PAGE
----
by Brighton McDunnah
Gather ‘round, my beautiful queer & trans siblings!
Come on, scooch in close. Grab a hot cider or cocoa to warm your hands and your spirit. The holidays are a time to honor those we’ve lost and hold their memories close. So I’d like to tell you all about a queer elder I am proud to call my Great Aunt Marcia and share some of her teachings with you.
Born in 1881, my great-great-great Aunt, (so, my grandmother’s great aunt) Marcia Adelle Taylor, was a reclusive and mysterious poet. Marcia was called eccentric. She chose to be a poet, rather than a secretary in the family’s insurance firm, and she presented as very masculine. Her hair was ‘unfashionably short’, and she always insisted upon wearing ill-fitting men’s suits despite it not being socially acceptable for women to even wear pants for most of her eighty-eight-year lifetime.
Marcia never married but had a life partner whom she lived with for over forty years: a woman named Rachel A. Hall.
So, to sum it up, Marcia was an early-20th-century gender-nonconforming lesbian poet—a complete and utter badass.
As her queer, transmasculine non-binary descendent who loves and writes poetry and lives with their soon-to-be-wife…I can’t help but feel like her life could’ve been my previous one. When first reading her poetry, I was taken aback at how similar our writing styles and senses of humor are. It’s all pretty spooky, I won’t lie—but these spooky similarities have proven to be helpful. With so many parallels in our lives and identities, it’s been easy to place myself in her shoes, and imagine her in mine. Her story has been a sort of guidebook for me as I explore and navigate my own queer, trans identity––‘Marcia’s Declassified Queer Survival Guide’ if you will.
But where did I get this survival guide, you ask?
The most valuable source of information I have about Marcia was a Christmas gift passed down to me from my aunt, the family historian. She gave me a large folder of Marcia’s letters, poems, drawings, and school assignments. Sitting in my grandmother’s house with my family, I gingerly perused the artifacts, many more than a century old. They were so fragile, brittle, and yellowed with time. I shudder to think how easily they could’ve been destroyed long before they reached me, but they weren’t. It’s as though I was meant to have them.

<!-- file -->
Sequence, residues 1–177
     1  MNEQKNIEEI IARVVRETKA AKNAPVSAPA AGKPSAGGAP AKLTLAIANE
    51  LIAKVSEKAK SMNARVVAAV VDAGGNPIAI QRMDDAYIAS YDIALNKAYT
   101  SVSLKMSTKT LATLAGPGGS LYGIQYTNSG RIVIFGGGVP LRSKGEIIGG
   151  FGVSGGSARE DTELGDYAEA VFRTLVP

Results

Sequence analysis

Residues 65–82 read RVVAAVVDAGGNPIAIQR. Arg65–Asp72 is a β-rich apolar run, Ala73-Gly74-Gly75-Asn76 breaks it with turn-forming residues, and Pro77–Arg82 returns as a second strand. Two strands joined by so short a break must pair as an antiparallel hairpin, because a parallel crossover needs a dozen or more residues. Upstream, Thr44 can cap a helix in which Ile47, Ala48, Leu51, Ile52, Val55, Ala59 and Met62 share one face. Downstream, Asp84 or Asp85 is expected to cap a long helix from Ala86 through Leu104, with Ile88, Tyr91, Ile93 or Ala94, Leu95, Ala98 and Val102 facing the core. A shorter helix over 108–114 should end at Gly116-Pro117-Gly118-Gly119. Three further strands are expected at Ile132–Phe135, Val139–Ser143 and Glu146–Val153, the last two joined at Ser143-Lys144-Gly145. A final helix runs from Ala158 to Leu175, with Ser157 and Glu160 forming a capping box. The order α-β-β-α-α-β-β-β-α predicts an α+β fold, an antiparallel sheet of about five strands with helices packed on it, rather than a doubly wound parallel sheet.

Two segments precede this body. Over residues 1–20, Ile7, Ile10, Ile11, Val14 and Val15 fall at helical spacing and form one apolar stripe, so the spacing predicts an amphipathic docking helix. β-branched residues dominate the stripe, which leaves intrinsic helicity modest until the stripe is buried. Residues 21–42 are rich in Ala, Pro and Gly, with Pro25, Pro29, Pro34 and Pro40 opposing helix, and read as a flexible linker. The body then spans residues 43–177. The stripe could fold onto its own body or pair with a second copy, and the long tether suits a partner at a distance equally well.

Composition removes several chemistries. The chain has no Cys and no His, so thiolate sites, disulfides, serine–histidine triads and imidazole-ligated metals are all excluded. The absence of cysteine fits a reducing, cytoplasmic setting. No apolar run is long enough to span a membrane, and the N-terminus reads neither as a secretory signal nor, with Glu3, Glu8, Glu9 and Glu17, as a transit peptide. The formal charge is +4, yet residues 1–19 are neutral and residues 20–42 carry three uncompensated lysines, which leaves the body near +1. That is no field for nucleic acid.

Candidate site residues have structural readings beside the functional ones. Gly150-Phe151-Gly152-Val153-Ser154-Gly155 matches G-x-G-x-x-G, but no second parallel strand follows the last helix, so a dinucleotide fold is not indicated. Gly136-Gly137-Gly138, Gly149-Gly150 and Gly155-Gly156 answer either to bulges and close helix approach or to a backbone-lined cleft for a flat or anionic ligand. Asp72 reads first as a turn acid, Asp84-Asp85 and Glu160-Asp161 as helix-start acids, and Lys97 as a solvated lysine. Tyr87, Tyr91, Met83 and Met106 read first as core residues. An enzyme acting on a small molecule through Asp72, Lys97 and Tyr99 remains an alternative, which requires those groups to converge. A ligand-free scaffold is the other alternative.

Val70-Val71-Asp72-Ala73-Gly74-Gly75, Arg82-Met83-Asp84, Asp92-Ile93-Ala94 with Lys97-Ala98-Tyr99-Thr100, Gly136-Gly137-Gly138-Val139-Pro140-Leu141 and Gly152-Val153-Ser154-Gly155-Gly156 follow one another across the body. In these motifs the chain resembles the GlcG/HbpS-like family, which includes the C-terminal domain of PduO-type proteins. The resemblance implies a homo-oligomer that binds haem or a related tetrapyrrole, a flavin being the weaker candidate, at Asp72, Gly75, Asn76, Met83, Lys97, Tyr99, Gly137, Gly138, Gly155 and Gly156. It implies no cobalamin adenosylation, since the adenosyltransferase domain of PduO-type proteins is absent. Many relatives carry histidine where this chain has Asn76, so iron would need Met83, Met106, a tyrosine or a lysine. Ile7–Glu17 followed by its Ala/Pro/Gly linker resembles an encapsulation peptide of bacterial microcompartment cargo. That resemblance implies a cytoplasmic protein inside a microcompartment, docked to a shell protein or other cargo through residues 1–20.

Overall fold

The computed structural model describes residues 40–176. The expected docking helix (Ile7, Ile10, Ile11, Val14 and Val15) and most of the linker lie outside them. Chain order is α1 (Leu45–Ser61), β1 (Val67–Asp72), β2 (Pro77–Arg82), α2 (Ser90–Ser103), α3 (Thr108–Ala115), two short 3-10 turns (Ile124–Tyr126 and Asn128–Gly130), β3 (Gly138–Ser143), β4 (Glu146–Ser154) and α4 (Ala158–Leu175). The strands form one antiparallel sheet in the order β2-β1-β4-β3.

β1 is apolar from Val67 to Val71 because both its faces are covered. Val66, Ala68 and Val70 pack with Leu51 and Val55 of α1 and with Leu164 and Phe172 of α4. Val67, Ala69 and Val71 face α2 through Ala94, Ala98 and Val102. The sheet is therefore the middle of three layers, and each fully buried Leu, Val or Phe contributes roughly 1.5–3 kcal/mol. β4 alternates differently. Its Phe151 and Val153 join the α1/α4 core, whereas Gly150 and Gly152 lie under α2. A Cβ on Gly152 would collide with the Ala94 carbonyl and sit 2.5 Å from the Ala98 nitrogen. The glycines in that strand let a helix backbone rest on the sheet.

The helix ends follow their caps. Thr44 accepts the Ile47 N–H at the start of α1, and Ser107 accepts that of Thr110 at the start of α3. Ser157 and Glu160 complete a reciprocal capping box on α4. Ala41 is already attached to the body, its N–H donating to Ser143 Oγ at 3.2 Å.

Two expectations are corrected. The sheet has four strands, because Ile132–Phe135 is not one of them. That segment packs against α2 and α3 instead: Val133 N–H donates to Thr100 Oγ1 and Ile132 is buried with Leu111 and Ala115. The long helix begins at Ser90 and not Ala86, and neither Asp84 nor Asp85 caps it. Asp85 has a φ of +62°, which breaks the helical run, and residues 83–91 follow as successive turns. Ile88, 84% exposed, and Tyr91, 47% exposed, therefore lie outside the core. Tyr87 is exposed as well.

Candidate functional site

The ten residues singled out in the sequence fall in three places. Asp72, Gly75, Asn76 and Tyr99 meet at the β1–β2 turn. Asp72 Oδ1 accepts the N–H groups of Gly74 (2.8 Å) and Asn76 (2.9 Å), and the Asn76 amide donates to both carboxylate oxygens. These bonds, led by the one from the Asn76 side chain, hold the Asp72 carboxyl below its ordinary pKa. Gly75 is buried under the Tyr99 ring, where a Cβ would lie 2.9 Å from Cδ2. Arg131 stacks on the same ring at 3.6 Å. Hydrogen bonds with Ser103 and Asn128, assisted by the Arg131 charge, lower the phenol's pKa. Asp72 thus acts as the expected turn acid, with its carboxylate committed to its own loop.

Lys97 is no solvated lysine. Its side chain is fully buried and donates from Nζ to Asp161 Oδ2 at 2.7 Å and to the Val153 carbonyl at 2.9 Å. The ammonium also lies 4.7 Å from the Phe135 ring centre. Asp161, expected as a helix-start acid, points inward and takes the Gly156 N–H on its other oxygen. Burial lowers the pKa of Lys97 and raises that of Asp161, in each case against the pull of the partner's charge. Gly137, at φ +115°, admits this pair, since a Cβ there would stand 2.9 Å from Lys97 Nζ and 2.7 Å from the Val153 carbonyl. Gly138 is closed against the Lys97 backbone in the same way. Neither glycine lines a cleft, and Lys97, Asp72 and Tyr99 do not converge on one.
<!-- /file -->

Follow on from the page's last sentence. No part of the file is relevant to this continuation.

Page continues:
Thanks to the contents of that folder, along with her published volumes of poetry, I’ve learned many valuable and still-applicable lessons from her. I’ve found so much strength in her memory and her writings. The holidays are such a difficult time for so many trans and queer folks, so it is my hope, dear reader, that she might be able to do the same for you.
Lesson Number One: “Authenticity or bust.”
In Marcia’s lifetime, laws and social norms were such that exercising her authenticity meant that she could’ve been shunned from society, arrested on the grounds of ‘cross-dressing’, or even involuntarily confined to an asylum where she would be forced to undergo homophobic and transphobic ‘treatment’. Despite these dangers, right up until her death in 1969, Marcia lived by a personal creed of fierce authenticity. Above all else, she was determined to live as herself—even if that meant living behind closed doors. Her fearless nature did not mix well with the stigmas of the times she lived through, so she rarely left the house. Marcia had to make the choice that so many of us are still forced to make a century later: would we rather be our true selves in isolation, or be surrounded by loved ones while living a lie?
During the holidays, this is an especially painful choice to make.
Many of the dangers that threaten queer and TGNC folks nowadays may look very different from those in Marcia’s time, but the threat of isolation and rejection from unsupportive loved ones is timeless. For many of us assessing the risks of being openly queer or trans, especially those who have yet to come out, it’s easy to feel like authenticity might not be a risk worth taking. Violence towards our community is all too real. The blind hatred towards us is real. This world we live in proves to be a plenty frightening place.